To develop an LPB application, we have a systems approach that goes through three phases. Phase 1 analyzes and determines the qualities and the characteristics of the material that we’re working with. The 2nd phase designs a custom residual stress distribution for the customer. In Phase 3, we take it to the manufacturing floor. There are some initial costs relative to design and integration. But in the long run, the enhancement to the material performance in high cycle fatigue or other potential damage mechanisms is a relatively modest investment. Our approach is to license our customers to process components in their own facility. That way, processing falls under their quality control and keeps their workforce busy.

(?) MFN: Can you be more specific about the applications?

(!) P.P.: Many of the components we’re working with are proprietary.  There are a couple of broad applications that we can discuss that provide insight. The first is the use of LPB to overcome fretting fatigue damage. In that case, the depth of compression gets below the micro-cracking associated with fretting. Even though the components may continue to fret, there is no potential for structural or fatigue failure from the fretting.  Another  major application in the aircraft area is in overcoming stress corrosion cracking in the hardened steels used for aircraft landing gear.

(?) MFN: How does LPB overcome Stress Corrosion Cracking (SCC) in high strength steels?

(!) P.P.: As I’m sure you are aware, the phenomenon of stress corrosion cracking requires three conditions to occur. The first is a susceptible material such as the hardened steels used in landing gear components such as 300M, 4340, or 4350 steels. The second condition is the introduction of a corrosive environment.  The third, and final, condition is the existence of tensile stresses. Without those tensile stresses, stress corrosion cracking simply cannot take place.  By imparting deep compressive residual stress, LPB eliminates the potential for stress corrosion cracking.  In this regard, we developed some rather spectacular results that have been confirmed by the Department of Defense.

(?) MFN: So it makes for a safer, more robust landing gear?

(!) P.P.: Considering that SCC can render one of the most robust designs in an aircraft susceptible to failure, we feel that it will provide for safer aircraft operations in take-offs and landings. This is particularly true in military operations from aircraft carriers or other environments where aircraft are exposed to more aggressive environments.

(?) MFN: How is the process controlled?

(!) P.P.: LPB is controlled in a number of ways. Through our controller, we’re able to implement very tight quality assurance standards and use statistical process control to measure the performance. We provide that information to our clients as part of our ongoing service arrangements. That enables them to have a high degree of confidence in the kind of pressures and compressive stresses that are generated in their components.

(?) MFN:  It’s too bad that the residual stress distribution can’t be part of the design process. Landing gear are the heaviest structures in an aircraft and a great opportunity for weight reduction…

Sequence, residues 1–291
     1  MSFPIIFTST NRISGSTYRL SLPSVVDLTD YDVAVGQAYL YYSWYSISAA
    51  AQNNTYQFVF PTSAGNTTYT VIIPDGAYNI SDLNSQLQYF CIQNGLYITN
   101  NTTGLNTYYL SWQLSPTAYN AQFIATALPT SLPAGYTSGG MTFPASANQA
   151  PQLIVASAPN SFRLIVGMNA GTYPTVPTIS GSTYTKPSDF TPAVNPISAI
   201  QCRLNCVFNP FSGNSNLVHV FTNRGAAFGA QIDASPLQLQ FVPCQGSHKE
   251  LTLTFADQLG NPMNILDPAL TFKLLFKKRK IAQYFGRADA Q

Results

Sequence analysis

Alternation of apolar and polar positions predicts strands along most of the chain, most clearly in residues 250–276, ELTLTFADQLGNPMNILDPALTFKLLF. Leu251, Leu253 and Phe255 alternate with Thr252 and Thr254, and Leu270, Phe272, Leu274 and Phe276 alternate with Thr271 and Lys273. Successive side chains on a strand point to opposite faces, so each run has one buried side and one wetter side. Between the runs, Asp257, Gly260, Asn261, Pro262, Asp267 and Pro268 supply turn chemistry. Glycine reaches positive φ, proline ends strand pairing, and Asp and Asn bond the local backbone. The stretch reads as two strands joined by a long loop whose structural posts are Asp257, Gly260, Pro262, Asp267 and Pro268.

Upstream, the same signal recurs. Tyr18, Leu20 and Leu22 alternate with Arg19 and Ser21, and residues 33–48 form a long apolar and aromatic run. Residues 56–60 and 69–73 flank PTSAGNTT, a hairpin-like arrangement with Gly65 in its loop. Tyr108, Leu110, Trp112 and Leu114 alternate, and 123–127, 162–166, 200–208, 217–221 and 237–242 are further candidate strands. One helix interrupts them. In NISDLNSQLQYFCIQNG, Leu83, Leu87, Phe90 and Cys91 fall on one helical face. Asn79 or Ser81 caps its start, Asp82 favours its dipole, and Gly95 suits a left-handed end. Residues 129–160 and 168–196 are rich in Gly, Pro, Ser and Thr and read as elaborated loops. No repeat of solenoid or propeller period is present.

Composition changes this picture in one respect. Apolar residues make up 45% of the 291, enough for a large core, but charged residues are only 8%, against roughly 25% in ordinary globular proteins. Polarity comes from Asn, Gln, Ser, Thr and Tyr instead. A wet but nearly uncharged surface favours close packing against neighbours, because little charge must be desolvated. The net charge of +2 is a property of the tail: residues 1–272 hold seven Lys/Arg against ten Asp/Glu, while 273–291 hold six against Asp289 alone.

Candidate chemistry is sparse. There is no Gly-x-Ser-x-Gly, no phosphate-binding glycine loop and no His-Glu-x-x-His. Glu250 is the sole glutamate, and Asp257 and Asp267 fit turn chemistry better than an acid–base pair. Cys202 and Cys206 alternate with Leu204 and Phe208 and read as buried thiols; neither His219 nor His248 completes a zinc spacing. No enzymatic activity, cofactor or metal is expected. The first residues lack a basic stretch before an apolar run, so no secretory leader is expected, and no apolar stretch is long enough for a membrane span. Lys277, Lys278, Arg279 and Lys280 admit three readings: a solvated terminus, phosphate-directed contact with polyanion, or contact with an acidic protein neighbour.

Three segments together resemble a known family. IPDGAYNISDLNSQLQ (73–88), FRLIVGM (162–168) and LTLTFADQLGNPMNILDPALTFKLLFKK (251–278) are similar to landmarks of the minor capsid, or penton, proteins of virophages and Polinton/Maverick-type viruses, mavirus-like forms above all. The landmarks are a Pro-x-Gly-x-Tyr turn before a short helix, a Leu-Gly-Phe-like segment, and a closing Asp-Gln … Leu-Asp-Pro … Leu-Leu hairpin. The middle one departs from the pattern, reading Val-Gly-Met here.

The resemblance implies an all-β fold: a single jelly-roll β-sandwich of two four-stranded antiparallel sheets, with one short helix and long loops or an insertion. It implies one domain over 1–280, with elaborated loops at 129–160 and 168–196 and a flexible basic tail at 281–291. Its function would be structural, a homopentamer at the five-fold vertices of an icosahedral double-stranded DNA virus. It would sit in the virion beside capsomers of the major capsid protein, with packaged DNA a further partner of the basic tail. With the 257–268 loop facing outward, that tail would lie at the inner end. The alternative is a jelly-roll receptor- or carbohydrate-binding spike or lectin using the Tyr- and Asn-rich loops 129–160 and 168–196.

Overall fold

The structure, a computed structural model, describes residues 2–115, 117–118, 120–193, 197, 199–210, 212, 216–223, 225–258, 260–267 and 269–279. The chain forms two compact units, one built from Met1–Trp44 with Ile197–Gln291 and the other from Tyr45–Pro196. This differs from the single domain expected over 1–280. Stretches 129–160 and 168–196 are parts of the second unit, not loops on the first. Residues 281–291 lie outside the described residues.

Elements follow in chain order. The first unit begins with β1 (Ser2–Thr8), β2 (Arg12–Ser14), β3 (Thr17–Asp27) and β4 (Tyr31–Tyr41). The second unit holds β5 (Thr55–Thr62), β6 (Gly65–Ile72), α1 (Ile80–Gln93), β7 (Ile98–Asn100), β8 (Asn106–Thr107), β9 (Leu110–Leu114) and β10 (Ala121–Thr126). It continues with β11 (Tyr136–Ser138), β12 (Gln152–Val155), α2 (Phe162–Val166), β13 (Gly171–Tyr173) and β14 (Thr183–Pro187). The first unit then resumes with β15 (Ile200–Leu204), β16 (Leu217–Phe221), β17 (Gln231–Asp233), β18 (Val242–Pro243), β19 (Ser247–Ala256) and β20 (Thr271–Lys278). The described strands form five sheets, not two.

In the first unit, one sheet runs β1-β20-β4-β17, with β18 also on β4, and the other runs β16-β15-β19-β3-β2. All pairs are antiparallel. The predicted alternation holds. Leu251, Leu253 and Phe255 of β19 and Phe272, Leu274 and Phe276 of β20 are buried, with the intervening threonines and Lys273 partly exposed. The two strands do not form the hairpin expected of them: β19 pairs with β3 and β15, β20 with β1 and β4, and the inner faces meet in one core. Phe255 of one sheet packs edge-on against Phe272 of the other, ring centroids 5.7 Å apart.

(!) P.P.: The long term goal of Lambda Technologies is to develop residual stress design methods. We believe there are ways in which the benefits of compressive residual stress can be quantified and used in the design process. As you pointed out, landing gear are the heaviest components on an aircraft. If in the future, we can begin attacking these problems in the design process, it will make it easier to employ lighter structures in aircraft.

(?) MFN: Let’s change the topic and talk about engines…

(!) P.P.: Certainly they are the main area of concern for potential failures and LPB has clearly been shown to provide superior enhancement to turbine components by mitigating traditional damage mechanisms such as foreign object damage (FOD), fretting, or high cycle fatigue.

(?) MFN: Are you under contract for any specific applications?

(!) P.P.: As a matter of fact, we are under contract to Rolls-Royce to develop a specific engine enhancement.

(?) MFN:  This process is also applicable to aircraft structures?

(!) P.P.: We think of LPB as widely applicable to aircraft structures. This is particularly true for ageing aircraft in which parts may be out of production and very difficult to procure.  The damage mechanisms of fretting, corrosion, and corrosion pitting are mitigated through the use of LPB. We think it’s a great opportunity to avoid extensive overhaul or reclaim previously condemned parts using the process. We’ve actually looked at providing in situ type tools for field repairs.

(?) MFN: We’ve really talked a great deal about aircraft, is LPB useful in other industrial segments?

(!) P.P.: Yes, we’re in the running for the use of LPB on the Yucca Mountain Project. We have clearly proven that LPB can be used to provide superior stress relief in the weldments that seal the waste containers used to store nuclear waste.  Not only do we impart the highest degree of compressive stress, we are also the most cost effective approach of doing that.

(?) MFN: It sounds like events are moving rapidly on the LPB front, is Lambda Technologies pursuing other capabilities?

(!) P.P.: We’re always on the lookout for other technologies and openings where we feel our unique capabilities will apply, and we’ll be talking about those - hopefully in the near future.

MFN:  Paul, thank you for taking the time to speak with us.

P.P.: My pleasure, and my thanks to the Metal Finishing News for taking the time to visit with us today.



For Information:
Dave Butler, Director of Research,
Lambda Technologies
5521 Fair Lane, Cincinnati, Ohio  45227, USA
Tel.: +1.513.561 0883
Fax: +1.513.561 0886
E-Mail: dbutler@lamda-research.com
www.lambda-research.com